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UTI tests fail 50% of the time in detecting bacterial infections

Urinary tract infection

(NaturalNews) Modern screening tests fail to detect urinary tract infections (UTIs) half the time, new studies have revealed.

This contributes to a problem in which patients with UTIs go undiagnosed and untreated, or are instead diagnosed with psychological or "unexplained" physical health problems and subjected to a battery of painful and ineffective treatments.

Approximately one-third of women under age 24 experience UTIs at some point. The incidence of UTIs increases for both women and men as they age.

A wide variety of natural remedies exist to help prevent and treat UTIs, including cranberry juice, herbal remedies such as Echinacea, goldenseal or pau d'arco, and even colloidal silver. If natural remedies fail, the typical course of treatment is antibiotics to prevent infection of the bladder or kidneys.

Doctors still using tests from the 1950s

Most UTIs clear up within a few days of antibiotic treatments, but as many as 30 percent can persist after antibiotics are completed. It is this 30 percent that place people at highest risk of developing chronic, undiagnosed UTIs.

The standard test for UTIs, developed in the 1950s, consists of a dipstick or urine culture. But recent studies show that dipsticks detect just 50 percent of UTIs.

Cultures have their shortcomings, as well. Traditionally, doctors have believed that a strong growth of a single disease-causing bacteria, such as E. coli, indicates a UTI. But modern research has shown that UTIs can also be caused by a mixture of bacterial strains simultaneously, and that many UTI-causing strains do not reproduce effectively in the cultures used.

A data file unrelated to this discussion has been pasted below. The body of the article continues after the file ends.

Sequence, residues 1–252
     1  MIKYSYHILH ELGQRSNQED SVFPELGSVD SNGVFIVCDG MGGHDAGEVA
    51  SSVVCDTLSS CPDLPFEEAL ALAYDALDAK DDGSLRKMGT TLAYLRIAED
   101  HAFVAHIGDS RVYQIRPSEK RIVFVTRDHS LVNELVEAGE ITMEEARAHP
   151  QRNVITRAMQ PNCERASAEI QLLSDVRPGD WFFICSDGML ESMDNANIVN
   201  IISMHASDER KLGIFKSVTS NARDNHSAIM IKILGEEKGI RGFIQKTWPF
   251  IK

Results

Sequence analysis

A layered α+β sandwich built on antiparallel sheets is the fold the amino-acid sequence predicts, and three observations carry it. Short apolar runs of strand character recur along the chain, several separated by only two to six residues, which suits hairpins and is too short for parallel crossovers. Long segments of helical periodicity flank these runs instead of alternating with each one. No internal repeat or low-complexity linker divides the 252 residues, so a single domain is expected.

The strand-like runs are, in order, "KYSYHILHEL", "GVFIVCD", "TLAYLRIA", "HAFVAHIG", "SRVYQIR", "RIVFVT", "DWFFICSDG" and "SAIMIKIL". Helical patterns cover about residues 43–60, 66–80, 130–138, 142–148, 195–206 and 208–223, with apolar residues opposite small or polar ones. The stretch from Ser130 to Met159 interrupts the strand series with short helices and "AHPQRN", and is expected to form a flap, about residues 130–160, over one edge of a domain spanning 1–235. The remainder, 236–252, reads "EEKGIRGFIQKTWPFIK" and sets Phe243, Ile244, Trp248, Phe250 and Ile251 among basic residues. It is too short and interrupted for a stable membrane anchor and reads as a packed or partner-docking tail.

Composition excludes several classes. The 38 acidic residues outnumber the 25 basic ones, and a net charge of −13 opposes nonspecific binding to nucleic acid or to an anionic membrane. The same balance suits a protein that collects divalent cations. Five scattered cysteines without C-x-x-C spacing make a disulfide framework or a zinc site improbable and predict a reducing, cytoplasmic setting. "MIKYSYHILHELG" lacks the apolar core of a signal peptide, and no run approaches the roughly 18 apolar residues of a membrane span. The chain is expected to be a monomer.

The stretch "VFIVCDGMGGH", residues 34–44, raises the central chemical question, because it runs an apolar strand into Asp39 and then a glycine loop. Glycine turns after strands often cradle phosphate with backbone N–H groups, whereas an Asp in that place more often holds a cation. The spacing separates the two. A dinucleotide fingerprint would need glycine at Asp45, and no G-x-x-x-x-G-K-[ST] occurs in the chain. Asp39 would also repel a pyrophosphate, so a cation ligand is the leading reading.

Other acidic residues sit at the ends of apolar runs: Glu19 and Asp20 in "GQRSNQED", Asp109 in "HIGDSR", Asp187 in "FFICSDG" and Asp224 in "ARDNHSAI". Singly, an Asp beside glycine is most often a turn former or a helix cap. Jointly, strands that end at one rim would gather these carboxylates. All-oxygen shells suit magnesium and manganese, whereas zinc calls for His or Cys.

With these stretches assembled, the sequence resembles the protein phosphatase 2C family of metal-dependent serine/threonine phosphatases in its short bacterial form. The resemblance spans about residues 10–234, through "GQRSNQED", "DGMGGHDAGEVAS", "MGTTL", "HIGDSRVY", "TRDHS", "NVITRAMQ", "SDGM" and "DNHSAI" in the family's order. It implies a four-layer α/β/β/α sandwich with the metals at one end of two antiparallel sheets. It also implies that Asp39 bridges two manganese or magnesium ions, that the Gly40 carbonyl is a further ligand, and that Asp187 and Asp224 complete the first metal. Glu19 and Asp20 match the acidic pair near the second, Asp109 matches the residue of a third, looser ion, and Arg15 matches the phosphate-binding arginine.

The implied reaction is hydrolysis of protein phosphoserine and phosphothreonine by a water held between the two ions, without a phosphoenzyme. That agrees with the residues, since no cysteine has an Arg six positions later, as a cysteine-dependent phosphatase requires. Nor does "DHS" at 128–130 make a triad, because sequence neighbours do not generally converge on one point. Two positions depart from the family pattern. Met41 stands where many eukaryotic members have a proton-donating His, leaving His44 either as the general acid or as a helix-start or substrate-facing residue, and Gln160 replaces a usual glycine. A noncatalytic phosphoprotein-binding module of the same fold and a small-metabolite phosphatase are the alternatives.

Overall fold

An undiagnosed UTI can have serious consequences, even if it doesn't move into the bladder or kidneys. Patients not only must endure constant uncomfortable and painful sensations such as burning during urination, they risk being diagnosed with a condition called interstitial cystitis (IC), painful bladder syndrome, or urethral syndrome. According to the British National Health Service's website NHS Choices, this condition is "poorly understood," its exact cause is not clear" and "there is no cure."

In other words, it's a fancy way of saying "we don't know what's wrong and there's nothing we can do."

Not that this stops doctors from trying. A wide variety of invasive and painful techniques are commonly used to try and treat IC, including probing and stretching of the bladder. Patients often end up prescribed painkillers and antidepressants just to help them cope with their chronic symptoms.

Chronic UTI sufferers who are not diagnosed with IC instead run the risk of being diagnosed with a psychiatric illness.

"Too reliant on tests"

Penaran Higgs was one woman who suffered from a chronic, undiagnosed UTI for months, whose symptoms did not clear up after a course of antibiotics for a UTI.

"It got rid of the stinging but I still had severe abdominal pain and the feeling that I desperately needed the loo all the time," she said.

But when Higgs returned to the doctor, she was just given another three-day antibiotic course. A dipstick test turned up no UTI. There was no change in her symptoms.

For the next six months, Higgs underwent a battery of tests, including an ultrasound, a cytoscopy (probe), and having her bladder filled with water.

"It was hideous," she said. "But it didn't show anything."

"The GP was dismissing me and saying it was all in my head. Eventually they sent me to a psychiatrist," she said. "He basically said: 'You're quite anxious. You've regressed back to being a baby.' That was terrifying to hear."

Finally, however, Higgs found a London clinic on the cutting edge of UTI treatment.

"We have become too reliant on tests and imagine wrongly they can give us clear yes or no answers to ease our doubts. They cannot," said James Malone-Lee, head of the clinic at Whittington Hospital.

"We should get back to the old clinical bedside skills."

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